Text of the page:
60 Glorious Years

Posted on Fri, 25 May 2012 by Phil Mussell
Posted in: Coin News
60 Glorious Years In for a penny

SOME of you will have seen our very own Phil on the BBC’s “One Show” or “Breakfast” recently, or perhaps heard him on one of the various radio programmes he was invited on to, or perhaps read his comments in one of the ’papers. What was the reason for this flurry of media stardom? Why did he have the honour of appearing on the BBC sofa next to the lovely Susannah Reid? (apologies to our overseas readers who have no idea what I’m talking about—I’m sure you get the gist . . .). What was the reason for the world at large to turn its attention to numismatics? Quite simply, the penny. Our humblest coin, our oldest coin is, apparently, under threat. There’s no specific threat per se, no government agency has decreed an end to the penny, neither the Treasury nor the Royal Mint has announced its demise but there are enough people, certainly in media circles, who feel that the inconvenient little coin has had its day and therefore its future is worth debating. And judging by the number of calls and comments both the programmes, and our office, have had I think they are probably right. This has all stemmed, of course, from the decision in Canada to scrap the one cent coin. Their “penny” was, apparently, costing 1.6 cents to produce each one—it was economically, therefore, a disaster and had to go. This, following on from Australia and New Zealand doing the same thing back in the 1990s, has inevitably led to the spotlight being put on our own coinage and the future of the good old “coppers”.

Now our own “copper” coinage is no such thing. It hasn’t been copper for the best part of 150 years. It isn’t even bronze now—the price of metals in the 1990s meant that we went over to copper plated steel in 1992, just as the new 10p and 5p pieces are now zinc coated steel (have you seen them yet, they are quite noticeable when compared to earlier issues) and this actually means that our smallest denomination coins still cost less than face value to produce (we are not certain of the exact cost per coin, the Royal Mint won’t release the data, but have estimated the metal value in a penny to be approximately 0.2p). This being the case the only real argument to get rid of the penny is one of convenience. The penny itself is, to many people, a trifle, an irritation that weighs down purse or pocket and it is estimated that some £4 billion worth of these coins (and their weightier 2p cousins) are out of circulation, hoarded in drawers, jam-jars, pots, down the backs of sofas, etc. simply because we cannot be bothered to use them. It is true that officially shop keepers don’t have to honour a transaction made with “coppers” if it comes to more than 20p and of course there is little around these days that costs less than that, certainly few things that cost a penny (although you can still buy penny chews) and so it does seem something of an anachronism in this day and age to hang on to our smallest coins. But is the argument “it’s inconvenient” one that holds water? Surely arguments in favour of the penny are stronger? There is the obvious historical argument that it is Britain’s oldest coin still in use (indeed, it was the only coin in existence in “Britain” from the end of the 8th century until the end of the 13th); the rather plausible argument that actually it is our unit of currency (inasmuch that a pound is 100 pennies rather than a penny being one hundredth of a pound, unlike the Americans who have a “half dollar” and a “quarter dollar” our coinage is made up in multiples of pence not fractions of pounds) and the fiscal argument that if you got rid of the penny then inevitably prices would rise—after all, none of us can envisage a world where items currently priced at £1.99 go down to £1.95 can we? We all know they’ll go up to £2—only a small rise, but multiply that over hundreds of thousands of transactions every day and inflation will inevitably follow. There have been some that suggest we follow the example of certain continental countries and round up or down at the till after all purchases have been made (the theory being that sometimes you’ll be ahead, sometimes behind and in the long run it will even out). But I can’t see that working over here— after all, you can bet that somebody will challenge the notion of prices still being in pence if you can’t actually give change!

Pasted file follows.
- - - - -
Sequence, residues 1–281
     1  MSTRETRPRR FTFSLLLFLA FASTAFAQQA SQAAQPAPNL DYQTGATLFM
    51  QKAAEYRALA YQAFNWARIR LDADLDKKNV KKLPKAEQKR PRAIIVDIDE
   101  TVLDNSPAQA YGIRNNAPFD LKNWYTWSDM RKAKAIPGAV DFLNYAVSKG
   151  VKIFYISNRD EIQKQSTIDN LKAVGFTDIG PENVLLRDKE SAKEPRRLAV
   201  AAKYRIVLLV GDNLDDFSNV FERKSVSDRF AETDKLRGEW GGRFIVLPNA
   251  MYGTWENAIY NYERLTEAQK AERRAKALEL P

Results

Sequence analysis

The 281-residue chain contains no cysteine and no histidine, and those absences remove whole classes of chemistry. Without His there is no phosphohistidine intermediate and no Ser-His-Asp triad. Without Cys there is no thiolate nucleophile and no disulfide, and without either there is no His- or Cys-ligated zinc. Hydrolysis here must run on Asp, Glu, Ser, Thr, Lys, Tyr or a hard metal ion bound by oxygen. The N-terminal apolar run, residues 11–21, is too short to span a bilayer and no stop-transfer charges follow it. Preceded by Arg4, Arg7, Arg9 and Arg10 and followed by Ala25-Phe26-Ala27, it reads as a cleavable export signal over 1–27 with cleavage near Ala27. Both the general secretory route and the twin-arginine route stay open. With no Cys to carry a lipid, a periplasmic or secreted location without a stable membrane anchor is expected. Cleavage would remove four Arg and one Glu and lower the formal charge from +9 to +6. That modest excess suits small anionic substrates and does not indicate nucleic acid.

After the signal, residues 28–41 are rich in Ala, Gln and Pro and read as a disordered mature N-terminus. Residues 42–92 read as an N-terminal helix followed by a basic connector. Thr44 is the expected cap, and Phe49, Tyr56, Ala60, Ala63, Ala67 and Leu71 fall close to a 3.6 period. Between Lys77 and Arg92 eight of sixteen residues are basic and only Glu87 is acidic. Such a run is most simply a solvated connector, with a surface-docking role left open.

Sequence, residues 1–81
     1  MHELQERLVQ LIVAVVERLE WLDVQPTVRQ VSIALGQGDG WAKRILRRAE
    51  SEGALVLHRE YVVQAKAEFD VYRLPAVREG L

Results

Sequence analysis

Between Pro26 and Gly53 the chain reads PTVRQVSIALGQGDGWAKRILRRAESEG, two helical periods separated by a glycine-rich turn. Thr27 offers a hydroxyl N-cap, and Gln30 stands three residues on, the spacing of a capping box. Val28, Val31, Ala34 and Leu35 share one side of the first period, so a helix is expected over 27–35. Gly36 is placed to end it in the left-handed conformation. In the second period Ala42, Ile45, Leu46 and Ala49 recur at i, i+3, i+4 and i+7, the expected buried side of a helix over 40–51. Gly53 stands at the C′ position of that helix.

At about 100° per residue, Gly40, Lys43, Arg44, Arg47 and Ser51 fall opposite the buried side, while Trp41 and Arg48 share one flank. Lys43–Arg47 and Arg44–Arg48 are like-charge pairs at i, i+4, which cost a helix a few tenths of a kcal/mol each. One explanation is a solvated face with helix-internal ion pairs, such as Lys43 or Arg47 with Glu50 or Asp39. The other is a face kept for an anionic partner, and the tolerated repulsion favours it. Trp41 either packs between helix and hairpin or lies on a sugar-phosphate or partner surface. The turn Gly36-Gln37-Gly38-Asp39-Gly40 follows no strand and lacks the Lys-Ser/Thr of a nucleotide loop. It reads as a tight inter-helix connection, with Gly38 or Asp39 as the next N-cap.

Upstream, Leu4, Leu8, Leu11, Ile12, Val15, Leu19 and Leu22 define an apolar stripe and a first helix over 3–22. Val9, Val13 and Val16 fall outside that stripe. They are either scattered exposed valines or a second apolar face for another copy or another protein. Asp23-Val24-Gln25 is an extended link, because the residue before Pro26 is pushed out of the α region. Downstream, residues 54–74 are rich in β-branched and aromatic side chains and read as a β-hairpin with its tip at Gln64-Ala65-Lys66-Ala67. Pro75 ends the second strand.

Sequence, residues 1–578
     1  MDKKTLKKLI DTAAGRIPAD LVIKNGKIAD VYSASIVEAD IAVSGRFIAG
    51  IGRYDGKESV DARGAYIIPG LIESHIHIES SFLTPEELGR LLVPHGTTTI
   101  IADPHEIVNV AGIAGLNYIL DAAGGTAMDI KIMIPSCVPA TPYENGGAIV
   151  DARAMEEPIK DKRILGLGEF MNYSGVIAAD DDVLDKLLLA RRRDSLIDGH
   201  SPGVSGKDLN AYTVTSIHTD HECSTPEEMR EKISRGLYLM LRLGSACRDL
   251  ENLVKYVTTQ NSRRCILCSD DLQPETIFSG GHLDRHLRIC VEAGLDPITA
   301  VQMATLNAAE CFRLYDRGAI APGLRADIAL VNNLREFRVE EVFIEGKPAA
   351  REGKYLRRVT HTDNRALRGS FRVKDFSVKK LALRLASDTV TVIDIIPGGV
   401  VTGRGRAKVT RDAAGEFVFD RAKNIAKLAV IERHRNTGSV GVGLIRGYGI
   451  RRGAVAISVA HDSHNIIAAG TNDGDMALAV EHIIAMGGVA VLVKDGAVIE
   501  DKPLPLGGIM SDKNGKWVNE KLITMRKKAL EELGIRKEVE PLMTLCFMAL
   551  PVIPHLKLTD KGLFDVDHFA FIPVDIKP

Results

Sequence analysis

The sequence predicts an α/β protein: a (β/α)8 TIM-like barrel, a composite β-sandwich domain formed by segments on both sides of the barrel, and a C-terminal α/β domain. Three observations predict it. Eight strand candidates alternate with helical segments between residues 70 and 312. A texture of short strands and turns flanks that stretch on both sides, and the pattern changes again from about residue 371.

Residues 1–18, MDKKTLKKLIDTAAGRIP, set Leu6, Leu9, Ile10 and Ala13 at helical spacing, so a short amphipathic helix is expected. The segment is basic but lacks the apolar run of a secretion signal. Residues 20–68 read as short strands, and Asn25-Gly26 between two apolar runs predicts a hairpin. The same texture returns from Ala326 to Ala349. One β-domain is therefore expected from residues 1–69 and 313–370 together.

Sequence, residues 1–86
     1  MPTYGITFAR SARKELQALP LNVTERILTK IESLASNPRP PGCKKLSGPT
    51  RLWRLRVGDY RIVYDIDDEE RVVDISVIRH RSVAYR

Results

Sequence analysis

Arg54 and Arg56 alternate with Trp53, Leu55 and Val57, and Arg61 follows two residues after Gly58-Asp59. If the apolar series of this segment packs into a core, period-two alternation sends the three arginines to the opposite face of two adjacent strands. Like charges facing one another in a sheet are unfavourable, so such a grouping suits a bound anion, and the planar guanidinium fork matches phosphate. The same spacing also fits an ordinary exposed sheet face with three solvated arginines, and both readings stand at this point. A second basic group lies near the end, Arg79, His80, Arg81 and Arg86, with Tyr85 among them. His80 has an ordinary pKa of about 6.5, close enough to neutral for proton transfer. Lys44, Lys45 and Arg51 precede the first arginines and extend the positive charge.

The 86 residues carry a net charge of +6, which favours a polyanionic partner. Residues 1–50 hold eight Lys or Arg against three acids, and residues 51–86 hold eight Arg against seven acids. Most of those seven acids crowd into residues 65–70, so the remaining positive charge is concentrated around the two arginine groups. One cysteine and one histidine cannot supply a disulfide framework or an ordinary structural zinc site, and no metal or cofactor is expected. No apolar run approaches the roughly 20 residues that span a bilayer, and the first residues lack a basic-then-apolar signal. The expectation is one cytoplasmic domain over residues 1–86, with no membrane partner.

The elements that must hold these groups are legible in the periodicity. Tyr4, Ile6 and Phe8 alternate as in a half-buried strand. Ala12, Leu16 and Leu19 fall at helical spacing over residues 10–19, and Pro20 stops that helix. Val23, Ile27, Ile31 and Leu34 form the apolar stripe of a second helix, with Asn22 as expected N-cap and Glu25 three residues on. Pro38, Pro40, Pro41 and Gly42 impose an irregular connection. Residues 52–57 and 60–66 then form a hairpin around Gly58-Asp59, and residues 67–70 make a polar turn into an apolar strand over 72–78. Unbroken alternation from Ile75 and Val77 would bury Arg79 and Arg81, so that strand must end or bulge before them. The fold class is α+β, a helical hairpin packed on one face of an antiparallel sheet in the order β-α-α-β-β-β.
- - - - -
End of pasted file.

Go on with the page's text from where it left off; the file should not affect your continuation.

All of these arguments are sound and safe, but there is one more I would like to offer up—and that is a simple “why?” Why on earth would we get rid of something just because it is slightly irritating or slightly inconvenient? If we applied that rationale across the board I dread to think what we would get rid of! I don’t imagine there are too many coin collectors in favour of getting rid of the penny but if there are, if you are someone who finds the penny inconvenient or irritating, then every time you get one why not give it away to a charity? There are enough collecting tins in shops and garages up and down the country to make this relatively easy and whilst charities would, I am sure, prefer larger coinage donations, none of them will turn their nose up at any donation, no matter how small. In this age of “austerity” if you can still afford to do without your pennies then do so by all means, but give them to an organisation who needs them, don’t campaign to get rid of something just because you no longer like it—because there are many of us who still do!

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